But make it they did, and worth the wait it was. And then some. “We’re going to have a party,” Hannah tells a nicely full Frenchay Village Hall. “A very quiet, restrained party.” She meant it as a joke, but in actual fact, it’s a great description of what was to come."
The pair, and their myriad guitars, dobros and dulcimers, huddle together around a single microphone, reminiscent of many of the finest bluegrass acts of years gone by. Yet the sound they make, whilst tinged with the merest hint of Americana, is far from bluegrass. It’s a thing of soaring beauty, as their two contrasting voices twist and entwine together in stunning harmonies, and their gentle, sensitive musicianship lifts the whole thing to a magical level.
A review in a well-known folk music magazine, in describing Hannah and Ben as “spellbinding”, said of the pair that they were clearly “born to sing and play together”, and that sense of the meeting of two musicians destined to be a duo is tangible throughout two halves of evocative soundscapes. Hannah’s voice, clear as a bell and at times almost operatic, soars to the rafters, and is complimented perfectly by Ben’s gravelly tones. They wind their way through some traditional songs, including the stand-out I’ll Weave My Love A Garland, while their version of Woody Guthrie’s Way Over Yonder In The Minor Key is simply breathtaking.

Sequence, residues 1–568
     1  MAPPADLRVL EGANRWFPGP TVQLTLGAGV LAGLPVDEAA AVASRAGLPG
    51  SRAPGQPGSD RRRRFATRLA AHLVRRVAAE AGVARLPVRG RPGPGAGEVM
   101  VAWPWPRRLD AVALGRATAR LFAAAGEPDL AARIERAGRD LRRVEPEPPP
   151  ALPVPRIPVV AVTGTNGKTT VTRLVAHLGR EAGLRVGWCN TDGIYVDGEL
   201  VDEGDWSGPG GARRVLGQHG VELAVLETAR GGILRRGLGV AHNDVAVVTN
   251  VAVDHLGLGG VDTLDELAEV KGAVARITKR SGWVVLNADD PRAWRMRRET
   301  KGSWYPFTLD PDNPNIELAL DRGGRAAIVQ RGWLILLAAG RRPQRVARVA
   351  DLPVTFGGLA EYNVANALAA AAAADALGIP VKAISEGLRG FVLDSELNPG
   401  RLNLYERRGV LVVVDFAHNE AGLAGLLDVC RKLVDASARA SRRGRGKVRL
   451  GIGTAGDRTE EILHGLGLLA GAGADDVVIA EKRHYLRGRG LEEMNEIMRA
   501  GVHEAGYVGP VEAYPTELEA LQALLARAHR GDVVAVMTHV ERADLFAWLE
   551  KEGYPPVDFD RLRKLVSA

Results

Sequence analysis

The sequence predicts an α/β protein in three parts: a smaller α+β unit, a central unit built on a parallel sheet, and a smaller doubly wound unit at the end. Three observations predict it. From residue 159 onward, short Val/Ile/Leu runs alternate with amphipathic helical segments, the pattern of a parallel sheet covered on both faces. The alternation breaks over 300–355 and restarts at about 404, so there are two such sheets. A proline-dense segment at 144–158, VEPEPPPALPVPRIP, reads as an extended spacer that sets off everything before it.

It would be easy to lose oneself in all of this, and one frequently does... but Hannah and Ben also have a warm and engaging manner on-stage, and a lively, quirky sense of humour that means that there are as many laughs as their are gasps at the beauty. Their CDs don’t have their names on them, and neither do the t-shirts. “It’s a marketing nightmare”, says Ben. But it doesn’t stop the crowds forming a long, orderly queue to spend their money at the end. One regular summed it up: “An exceptional night, even by Downend Folk Club standards!”
Opening the evening’s entertainment was Exeter-based singer-songwriter BEN MORGAN-BROWN, who delivered the perfect support slot. Bringing to mind luminaries such as John Martyn, Nick Drake and Bert Jansch (whom Ben later said was an inspiration in his musical journey; no surprise there!), his songs were well-crafted and delivered with a crystal clear, gently lulling voice, and a dexterity on the guitar as good as anyone seen at the club before. One to watch, and he, too, proved popular with the gathered faithful.
But it was to Hannah Sanders and Ben Savage that the evening rightly belonged. It was a long time coming, but it was so, so worth the wait.
Words: Ant Miles
Photo: Chris Dobson